East Mebon - Filip Šubrt Photo

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Angkor Wat

Phnom Penh

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East Mebon

The East Mebon is a 10th Century large temple at Angkor, Cambodia. Built during the reign of King Jayavarman IV, it stands on what was an artificial island at the center of the now dry East Baray reservoir. 

The East Mebon is 500 metre north of Pre Rup. The Mebon stands on a small island in the middle of the Eastern Baray, which was a large body of water (2 by 7 kilometres) fed by the Siem Reap River. The temple was accessible only by boat. Today the baray, once a source of water for irrigation, is a plain of rice fields and the visitor is left to imagine the original majesty of this temple in the middle of a large lake.

The temple is dedicated to Hindu Shiva in honor of the king’s parents. Inscriptions indicate that it was also built to help reestablish the continuity of kingship at Angkor in light of the interruption that occurred when the seat of power had been moved to Koh Ker. There is some scholarly debate as to whether East Mebon should be categorized as a temple-mountain. Inscriptions record activity as early as 947AD, but the temple was not consecrated until 952AD.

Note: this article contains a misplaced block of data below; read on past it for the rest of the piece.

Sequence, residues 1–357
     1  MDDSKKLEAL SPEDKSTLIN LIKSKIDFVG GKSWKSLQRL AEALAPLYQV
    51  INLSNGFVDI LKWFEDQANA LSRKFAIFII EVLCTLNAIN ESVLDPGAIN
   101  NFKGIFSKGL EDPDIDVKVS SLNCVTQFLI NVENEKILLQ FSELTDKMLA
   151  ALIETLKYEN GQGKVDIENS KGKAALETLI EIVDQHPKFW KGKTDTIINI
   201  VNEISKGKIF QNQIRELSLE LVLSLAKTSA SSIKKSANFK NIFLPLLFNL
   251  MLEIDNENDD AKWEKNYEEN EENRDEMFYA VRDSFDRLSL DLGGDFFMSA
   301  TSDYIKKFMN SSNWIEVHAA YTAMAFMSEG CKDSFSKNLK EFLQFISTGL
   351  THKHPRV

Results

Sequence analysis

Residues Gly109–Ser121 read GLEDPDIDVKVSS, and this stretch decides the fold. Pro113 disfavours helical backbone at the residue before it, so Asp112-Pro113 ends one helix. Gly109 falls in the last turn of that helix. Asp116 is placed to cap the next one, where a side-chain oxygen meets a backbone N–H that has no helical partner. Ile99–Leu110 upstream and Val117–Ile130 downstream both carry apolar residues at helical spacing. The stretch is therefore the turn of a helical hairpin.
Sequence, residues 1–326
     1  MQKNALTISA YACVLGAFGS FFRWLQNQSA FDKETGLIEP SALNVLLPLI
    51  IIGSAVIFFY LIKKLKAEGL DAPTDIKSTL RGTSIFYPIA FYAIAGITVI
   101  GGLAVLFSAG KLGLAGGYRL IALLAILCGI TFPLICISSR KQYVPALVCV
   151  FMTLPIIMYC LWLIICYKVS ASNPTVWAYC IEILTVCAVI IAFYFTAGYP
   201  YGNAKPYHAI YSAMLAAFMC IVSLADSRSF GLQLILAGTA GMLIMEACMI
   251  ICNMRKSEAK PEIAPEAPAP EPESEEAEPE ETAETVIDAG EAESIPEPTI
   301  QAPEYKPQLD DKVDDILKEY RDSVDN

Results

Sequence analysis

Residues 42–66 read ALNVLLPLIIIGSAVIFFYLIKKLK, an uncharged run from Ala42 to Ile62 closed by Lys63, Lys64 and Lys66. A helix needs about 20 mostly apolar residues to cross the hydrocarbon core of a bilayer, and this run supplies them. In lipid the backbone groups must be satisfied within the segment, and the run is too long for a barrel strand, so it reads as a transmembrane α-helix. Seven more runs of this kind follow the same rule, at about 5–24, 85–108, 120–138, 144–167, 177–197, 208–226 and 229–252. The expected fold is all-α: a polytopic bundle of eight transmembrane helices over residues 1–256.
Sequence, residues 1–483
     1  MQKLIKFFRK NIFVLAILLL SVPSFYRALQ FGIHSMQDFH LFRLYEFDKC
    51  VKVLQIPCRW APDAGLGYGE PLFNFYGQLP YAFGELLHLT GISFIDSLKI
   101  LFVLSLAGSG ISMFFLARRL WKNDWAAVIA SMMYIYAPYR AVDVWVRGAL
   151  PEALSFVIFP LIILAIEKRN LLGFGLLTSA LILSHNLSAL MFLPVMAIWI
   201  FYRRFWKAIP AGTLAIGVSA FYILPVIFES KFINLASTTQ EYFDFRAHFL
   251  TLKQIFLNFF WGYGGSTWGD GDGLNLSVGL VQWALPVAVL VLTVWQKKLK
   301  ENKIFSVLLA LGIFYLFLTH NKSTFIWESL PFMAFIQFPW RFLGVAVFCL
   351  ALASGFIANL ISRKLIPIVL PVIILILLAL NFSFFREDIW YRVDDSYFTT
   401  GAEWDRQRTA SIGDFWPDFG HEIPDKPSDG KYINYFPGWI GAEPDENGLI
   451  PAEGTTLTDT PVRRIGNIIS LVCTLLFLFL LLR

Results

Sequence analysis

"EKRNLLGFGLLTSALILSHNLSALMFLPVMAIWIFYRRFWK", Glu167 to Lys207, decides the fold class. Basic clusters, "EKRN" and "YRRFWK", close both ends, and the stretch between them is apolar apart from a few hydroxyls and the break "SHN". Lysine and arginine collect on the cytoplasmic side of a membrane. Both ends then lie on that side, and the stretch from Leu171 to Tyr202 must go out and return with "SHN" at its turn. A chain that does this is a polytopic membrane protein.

The temple was built on a north-south axis with Rajendravarman’s state temple, Pre Rup, located about 1,200 meters to the south just outside the baray. The East Mebon also lies on an east-west axis with the palace temple Phimeanakas, another creation of Rajendravarman’s reign, located about 6800 meters due west.

At the top is a central tower on a square platform, surrounded by four smaller towers at the platform’s corners. The towers are of brick, holes that formerly anchored stucco are visible. The sculpture at the East Mebon is varied and exceptional, including two-meter-high free-standing stone elephants at corners of the first and second tiers. Religious scenes include the god Indra atop his three-headed elephant Airavata, and Shiva on his mount, the sacred bull Nandi. Carving on lintels is particularly elegant. Visitors looking out from the upper level today are left to imagine the vast expanses of water that formerly surrounded the temple. Four landing stages at the base give reminder that the temple was once reached by boat.